ANZ, BNZ and Westpac follow ASB in raising mortgage rates


Mortgage payments are expected to become more expensive. Photo / Getty Images

New Zealand’s big four banks have all confirmed a rate hike.

ANZ, BNZ and Westpac followed ASB’s lead in halting the downtrend in interest rates.

ANZ raised its one-year rate by 31 basis points to 2.5%, its two-year rate by 31 basis points to 2.9% and its three-year rate by 25 basis points to 3.24% .

An ANZ spokesperson said the bank had raised mortgage rates “in response to a number of market factors, one of the main ones being the gradual increase in wholesale interest rates.”

BNZ raised its one-year rate by 36 basis points to 2.55%, its two-year rate by 40 basis points to 2.95% and its three-year rate by 26 basis points to 3.25 %.

Westpac’s one-year rate rose 36 basis points to 2.55%, its two-year rate 30 basis points to 2.89% and its three-year rate 30 basis points to 3.29 %.

ASB announced similar rate hikes earlier this week, making it likely that other big banks would follow suit soon.

Independents Kiwibank, TSB, Co-operative Bank, SBS and Heartland have yet to raise their mortgage rates. Neither do the small New Zealand suppliers HSBC and Bank of China.

This increase from major suppliers comes the same week as the release of inflation data, which showed the cost of household necessities rose sharply by 3.3% for the year so far – the largest increase in 10 years.

An increase in interest rates will put additional pressure on homeowners, many of whom are currently burdened with large mortgages.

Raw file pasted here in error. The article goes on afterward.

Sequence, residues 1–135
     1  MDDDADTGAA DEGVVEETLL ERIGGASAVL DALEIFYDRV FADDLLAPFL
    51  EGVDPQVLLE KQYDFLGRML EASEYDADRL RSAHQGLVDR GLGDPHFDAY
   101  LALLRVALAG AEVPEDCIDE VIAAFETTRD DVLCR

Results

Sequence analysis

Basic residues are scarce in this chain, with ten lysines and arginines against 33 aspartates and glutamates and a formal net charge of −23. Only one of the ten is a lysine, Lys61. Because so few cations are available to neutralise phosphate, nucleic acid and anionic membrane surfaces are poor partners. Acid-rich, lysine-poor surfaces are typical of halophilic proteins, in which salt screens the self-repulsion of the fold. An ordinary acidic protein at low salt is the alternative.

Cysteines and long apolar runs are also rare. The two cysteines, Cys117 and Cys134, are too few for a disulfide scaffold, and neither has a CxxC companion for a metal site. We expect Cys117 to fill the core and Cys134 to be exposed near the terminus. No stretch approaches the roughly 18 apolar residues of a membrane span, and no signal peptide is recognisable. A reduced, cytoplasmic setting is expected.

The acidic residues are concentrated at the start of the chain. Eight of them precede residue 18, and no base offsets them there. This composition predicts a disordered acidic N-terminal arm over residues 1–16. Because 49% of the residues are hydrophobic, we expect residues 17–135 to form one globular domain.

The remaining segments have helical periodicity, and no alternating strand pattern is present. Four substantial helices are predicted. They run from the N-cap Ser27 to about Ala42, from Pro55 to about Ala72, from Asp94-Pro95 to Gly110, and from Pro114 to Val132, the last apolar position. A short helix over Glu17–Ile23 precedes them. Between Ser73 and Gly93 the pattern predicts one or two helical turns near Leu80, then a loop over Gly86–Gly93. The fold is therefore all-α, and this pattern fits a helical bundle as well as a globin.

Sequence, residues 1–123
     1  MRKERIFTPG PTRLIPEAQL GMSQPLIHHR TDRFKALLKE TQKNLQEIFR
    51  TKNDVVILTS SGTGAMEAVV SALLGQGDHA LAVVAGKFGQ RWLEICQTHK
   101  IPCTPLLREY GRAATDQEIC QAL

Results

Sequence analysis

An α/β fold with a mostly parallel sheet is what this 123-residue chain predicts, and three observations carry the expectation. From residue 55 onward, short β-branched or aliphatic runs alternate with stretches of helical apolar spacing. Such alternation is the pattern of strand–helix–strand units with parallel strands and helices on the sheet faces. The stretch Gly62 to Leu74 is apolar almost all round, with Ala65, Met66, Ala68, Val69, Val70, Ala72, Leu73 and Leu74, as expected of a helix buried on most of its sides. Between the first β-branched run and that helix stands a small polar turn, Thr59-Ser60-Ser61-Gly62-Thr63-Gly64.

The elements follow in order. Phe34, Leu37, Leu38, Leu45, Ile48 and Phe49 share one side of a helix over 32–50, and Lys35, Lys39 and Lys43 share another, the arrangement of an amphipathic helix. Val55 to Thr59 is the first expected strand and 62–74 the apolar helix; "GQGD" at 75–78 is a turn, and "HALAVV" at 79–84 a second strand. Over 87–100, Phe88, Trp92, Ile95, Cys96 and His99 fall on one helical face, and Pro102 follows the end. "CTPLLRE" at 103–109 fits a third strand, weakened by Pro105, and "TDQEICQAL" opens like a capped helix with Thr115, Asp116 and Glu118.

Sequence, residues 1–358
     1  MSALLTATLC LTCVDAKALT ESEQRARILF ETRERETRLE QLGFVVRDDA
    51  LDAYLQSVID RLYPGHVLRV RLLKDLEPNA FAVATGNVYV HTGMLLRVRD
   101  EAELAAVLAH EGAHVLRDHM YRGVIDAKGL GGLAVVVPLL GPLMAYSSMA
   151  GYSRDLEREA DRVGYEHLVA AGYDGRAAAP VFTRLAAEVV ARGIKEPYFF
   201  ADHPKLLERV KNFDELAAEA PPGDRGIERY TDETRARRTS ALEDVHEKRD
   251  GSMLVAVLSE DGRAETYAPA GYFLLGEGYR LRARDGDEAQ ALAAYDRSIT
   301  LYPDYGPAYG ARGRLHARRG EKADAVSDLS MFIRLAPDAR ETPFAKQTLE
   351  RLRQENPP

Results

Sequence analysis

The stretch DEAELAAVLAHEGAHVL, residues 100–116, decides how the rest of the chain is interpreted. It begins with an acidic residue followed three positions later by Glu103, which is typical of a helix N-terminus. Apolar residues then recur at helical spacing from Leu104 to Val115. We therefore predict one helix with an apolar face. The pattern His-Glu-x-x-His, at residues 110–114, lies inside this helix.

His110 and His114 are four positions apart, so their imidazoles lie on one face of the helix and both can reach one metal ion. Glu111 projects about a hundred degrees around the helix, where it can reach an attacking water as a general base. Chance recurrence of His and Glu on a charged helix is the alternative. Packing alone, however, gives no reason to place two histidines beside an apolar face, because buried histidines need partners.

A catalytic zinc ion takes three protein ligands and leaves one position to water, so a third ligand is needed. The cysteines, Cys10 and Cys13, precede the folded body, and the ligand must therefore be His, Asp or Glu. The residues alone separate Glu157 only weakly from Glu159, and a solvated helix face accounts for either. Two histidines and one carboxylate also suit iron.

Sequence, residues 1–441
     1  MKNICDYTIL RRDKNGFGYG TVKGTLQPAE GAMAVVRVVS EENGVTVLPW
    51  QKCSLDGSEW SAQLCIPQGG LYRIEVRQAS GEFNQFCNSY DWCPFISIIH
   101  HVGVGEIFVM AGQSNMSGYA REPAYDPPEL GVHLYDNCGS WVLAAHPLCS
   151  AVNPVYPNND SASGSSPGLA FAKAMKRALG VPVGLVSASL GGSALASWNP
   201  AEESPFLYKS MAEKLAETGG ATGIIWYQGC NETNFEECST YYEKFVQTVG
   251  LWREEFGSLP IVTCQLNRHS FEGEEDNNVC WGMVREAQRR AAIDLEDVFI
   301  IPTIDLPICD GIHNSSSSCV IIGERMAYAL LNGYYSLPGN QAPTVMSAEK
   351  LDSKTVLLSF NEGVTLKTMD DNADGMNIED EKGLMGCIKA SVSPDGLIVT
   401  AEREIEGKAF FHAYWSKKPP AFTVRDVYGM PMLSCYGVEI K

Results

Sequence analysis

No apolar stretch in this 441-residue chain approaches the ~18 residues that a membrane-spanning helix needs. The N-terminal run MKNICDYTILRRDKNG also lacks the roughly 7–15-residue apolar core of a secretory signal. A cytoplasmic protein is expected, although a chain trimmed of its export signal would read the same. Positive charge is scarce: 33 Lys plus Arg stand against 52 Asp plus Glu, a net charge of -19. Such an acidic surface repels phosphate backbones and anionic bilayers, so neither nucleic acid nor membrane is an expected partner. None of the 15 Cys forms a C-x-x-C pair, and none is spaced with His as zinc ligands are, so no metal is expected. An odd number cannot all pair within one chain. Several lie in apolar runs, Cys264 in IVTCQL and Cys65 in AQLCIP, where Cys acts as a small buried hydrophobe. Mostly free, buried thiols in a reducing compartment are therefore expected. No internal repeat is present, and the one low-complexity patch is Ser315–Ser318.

To put this in context, a 0.36 point change in the rate over two years would equate to an additional $ 1,824 per year ($ 152 per month) for a recent buyer paying off a mortgage of $ 800,000 over 30 years.

The Reserve Bank kept the official exchange rate at an all-time high of 0.25% this week, but ASB and ANZ economists predicted a hike as early as August.

Kiwibank economists select two OCR rate hikes by the end of the year.

“We’re probably going to see two hikes by the end of the year and a surge to 1% by February,” economists said.

“Beyond 1%, it will depend on the sensitivity to interest rates of the economy which will emerge from record rates.

“We have forecast another increase in the cash rate to 1.5%, but that will probably be all we see in the short to medium term.”

While an increase in rates will hurt homeowners, the flip side is that those with savings in the bank will benefit from increased interest income.

Kiwibank released a statement confirming that it will increase its term deposit rate to 1.2%, from 0.8% for its 200-day term.

ASB raised the interest rate on its six-month term deposits by 0.2 percent, with the rate going from 0.8 percent to 1 percent. The largest increase was for the three-year term deposit, which saw an increase of 0.3 percent from 1.4 percent to 1.7 percent.

Westpac has increased its three- to five-year term deposit rates by 20 basis points each. A five-year term deposit now offers 2 percent per annum at maturity.

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